In an interview with the Observer, Porritt said that the ‘ethical shopping’, such as buying green products or using the ‘Red’ credit card, would not be enough:
‘I think capitalism is patently unable to go on growing the size of the consumer economy for any more people in the world today because the levels of consumption are already undermining life support systems on which we depend,’ he told the paper.
‘We’ve got to rethink the basic premise behind capitalism to make it deliver the goods,’ he added.
Porritt’s attack’s on ‘ethical consumerism’ will anger many who believe that encouraging people to ‘buy green’ will lead to a reduction in their impact on the planet. But Porritt said that he was ‘nervous’ about implying that charities will benefit from increased credit card spending:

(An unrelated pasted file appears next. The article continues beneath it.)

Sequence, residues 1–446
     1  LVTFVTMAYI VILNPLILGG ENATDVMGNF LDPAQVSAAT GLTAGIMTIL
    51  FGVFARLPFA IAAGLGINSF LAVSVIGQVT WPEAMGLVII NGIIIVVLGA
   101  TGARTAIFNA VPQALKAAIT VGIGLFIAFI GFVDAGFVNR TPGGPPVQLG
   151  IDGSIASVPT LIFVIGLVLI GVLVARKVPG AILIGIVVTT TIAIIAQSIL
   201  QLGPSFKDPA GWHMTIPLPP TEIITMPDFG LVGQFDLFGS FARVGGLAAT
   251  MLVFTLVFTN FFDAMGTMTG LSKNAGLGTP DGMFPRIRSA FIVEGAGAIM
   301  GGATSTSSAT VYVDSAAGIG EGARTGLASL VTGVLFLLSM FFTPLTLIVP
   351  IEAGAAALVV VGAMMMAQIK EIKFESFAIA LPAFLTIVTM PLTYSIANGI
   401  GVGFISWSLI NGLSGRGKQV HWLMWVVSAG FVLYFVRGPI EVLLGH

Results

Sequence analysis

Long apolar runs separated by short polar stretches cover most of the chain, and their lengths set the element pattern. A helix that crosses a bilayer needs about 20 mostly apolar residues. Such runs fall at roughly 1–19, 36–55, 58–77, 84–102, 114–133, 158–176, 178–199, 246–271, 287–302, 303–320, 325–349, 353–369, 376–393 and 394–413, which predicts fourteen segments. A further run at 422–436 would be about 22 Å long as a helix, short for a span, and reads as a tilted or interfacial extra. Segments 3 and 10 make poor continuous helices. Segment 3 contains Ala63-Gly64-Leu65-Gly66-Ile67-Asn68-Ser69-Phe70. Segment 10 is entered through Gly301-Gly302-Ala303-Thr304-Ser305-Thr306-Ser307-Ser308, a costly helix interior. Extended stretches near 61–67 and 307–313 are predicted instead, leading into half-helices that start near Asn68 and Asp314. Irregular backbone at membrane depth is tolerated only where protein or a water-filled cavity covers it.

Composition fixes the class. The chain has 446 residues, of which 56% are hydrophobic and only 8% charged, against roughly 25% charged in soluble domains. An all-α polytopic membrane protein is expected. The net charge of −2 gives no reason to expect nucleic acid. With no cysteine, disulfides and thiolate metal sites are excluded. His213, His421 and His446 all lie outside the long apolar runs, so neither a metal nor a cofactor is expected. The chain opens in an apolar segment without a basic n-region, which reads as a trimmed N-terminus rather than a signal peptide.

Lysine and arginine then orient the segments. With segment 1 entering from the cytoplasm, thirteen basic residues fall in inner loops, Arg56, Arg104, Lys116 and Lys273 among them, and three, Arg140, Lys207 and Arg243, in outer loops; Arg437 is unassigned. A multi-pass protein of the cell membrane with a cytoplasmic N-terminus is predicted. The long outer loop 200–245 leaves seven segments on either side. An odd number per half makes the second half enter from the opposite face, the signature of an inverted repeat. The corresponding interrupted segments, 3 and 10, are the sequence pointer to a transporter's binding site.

‘I think it clutters up the awareness we need to encourage in people now that there’s an awful lot of unnecessary consumption, conspicuous consumption, irresponsible consumption, and we’ve just got to get used to cracking down on that in our own lives and really thinking through the implications of all that,’ he said.
Tony Juniper, the director of Greenpeace, agreed with Porritt’s comments, saying that consumer culture is ‘out of step’ with the ability of the planet to provide for the population.
This article first appeared in the Ecologist April 2007